Earlier this week I was sitting at a PLO25 table when out of the blue a player typed those lines. Another minute goes by and he types “what film?” No one responds. A few more Caddyshack quotes followed, including the one from Carl Spackler about Kentucky Bluegrass and Northern California sinsemilla. Come to think of it, I believe the player did have one of those “420” names. Perhaps he was pot committed (yuk yuk).
Like I said, no one took notice of 420’s jabbering, and so perhaps as a result our friend began making more direct comments about the rest of us around the table. He tried to disparage a couple of players’ play, which did elicit a couple of desultory responses. He also complained repeatedly about how long one player with a poor connection was taking to act. Eventually he left, obviously bored with the sedentary lot to which he’d found himself shackled.
His little act caused me to think of a couple more ways PLO plays differently than Hold ’em (at least for me).
One difference, of course, is the amount of time a single hand takes. Looking back at Poker Tracker (a program I haven’t even used for over two weeks since I haven’t been playing HE), I see that on average I’d play around 80-90 hands per hour at a single 6-max limit table. I’ve played nearly 3,200 hands of PLO over the last two-and-a-half weeks, and the total minutes I’ve played comes to nearly 4,000. That’s around 47-48 hands per hour -- about half the pace, really.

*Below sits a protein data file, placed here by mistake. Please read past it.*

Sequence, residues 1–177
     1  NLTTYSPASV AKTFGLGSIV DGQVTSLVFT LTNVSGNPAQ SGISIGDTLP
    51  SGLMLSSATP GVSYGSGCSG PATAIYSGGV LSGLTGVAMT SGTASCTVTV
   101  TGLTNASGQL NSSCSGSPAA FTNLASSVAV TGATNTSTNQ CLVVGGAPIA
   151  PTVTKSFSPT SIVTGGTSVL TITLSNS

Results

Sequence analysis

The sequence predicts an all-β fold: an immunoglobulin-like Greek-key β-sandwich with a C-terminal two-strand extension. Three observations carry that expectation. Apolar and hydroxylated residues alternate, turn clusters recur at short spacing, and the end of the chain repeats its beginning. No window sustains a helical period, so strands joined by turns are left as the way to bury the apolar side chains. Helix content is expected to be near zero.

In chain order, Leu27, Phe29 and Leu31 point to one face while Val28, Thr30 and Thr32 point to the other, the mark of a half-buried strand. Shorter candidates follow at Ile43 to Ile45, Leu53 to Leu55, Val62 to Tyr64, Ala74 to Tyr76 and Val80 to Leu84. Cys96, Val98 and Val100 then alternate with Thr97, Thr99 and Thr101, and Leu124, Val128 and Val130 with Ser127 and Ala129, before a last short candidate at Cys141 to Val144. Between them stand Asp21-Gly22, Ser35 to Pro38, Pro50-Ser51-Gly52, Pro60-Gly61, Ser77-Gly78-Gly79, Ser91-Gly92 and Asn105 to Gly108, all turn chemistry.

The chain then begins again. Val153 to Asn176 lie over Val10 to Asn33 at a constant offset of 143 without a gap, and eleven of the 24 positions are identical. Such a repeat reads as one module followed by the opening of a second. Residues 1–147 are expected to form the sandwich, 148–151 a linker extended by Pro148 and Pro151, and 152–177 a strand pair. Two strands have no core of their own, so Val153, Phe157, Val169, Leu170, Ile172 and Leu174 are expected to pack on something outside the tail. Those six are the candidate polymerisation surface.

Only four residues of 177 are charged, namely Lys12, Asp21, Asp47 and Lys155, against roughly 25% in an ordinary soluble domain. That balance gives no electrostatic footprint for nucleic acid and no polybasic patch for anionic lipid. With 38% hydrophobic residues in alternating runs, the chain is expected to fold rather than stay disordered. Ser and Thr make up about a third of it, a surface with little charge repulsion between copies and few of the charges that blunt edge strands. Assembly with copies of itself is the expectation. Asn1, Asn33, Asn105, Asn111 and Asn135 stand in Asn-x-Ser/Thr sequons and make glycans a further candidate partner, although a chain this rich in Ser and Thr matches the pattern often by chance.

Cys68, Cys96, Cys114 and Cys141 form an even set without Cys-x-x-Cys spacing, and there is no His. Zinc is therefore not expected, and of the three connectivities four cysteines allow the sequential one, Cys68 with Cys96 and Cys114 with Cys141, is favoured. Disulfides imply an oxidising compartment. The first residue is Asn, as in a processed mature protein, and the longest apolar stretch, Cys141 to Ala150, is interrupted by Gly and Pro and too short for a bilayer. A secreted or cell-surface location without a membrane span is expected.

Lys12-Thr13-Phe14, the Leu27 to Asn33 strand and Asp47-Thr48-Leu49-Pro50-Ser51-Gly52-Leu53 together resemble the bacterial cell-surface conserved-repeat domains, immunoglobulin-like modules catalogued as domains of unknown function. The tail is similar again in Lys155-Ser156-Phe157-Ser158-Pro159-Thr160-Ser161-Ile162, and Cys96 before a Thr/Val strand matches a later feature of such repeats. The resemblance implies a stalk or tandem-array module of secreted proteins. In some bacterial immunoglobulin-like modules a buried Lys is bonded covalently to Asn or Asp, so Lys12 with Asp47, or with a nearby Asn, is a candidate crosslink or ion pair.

One way I’ve mitigated the boredom factor is to multitable. Usually I’ll open up two tables; on a few occasions, I’ve opened three. (By the way, my so-called “Rules of Engagement” for the limit HE game don’t apply here.) Still, even then, the pace can be very slow, as players take more time to evaluate how their holdings relate to the community cards, and almost every single hand reaches a showdown.
420 got me thinking about another difference as well. When he quoted Judge Smails’ “Gambling is illegal at Bushwood” line, I initially thought he was trash-talking about the previous hand, perhaps giving somebody grief for having taken the worst of it in order to get to the river. As I think I might’ve demonstrated in the previous post, there are times in Omaha when one does consciously decide to “gamble.” (There were six of us who made such a decision in the hand I described there.) But even then, there seems to me a relative lack of ambiguity about the terms of such risks when compared to Hold ’em.
To paraphrase Gertrude Stein, the nuts are the nuts are the nuts. You either got ’em, or you’re drawing to ’em, or both, or neither. Same goes for your opponents, and (for most players) their betting patterns tend to reveal fairly clearly to which category they belong. Even in limit hold ’em, there can be a lot more uncertainty about what a check, bet, or raise really means.
I’ve a lot more to learn, obviously, about PLO. But I do feel as though I’m “gambling” a lot less over here than in fixed HE. And, as I’ve said before, I prefer not to gamble if I can help it -- whether or not it is illegal.
Labels: *on the street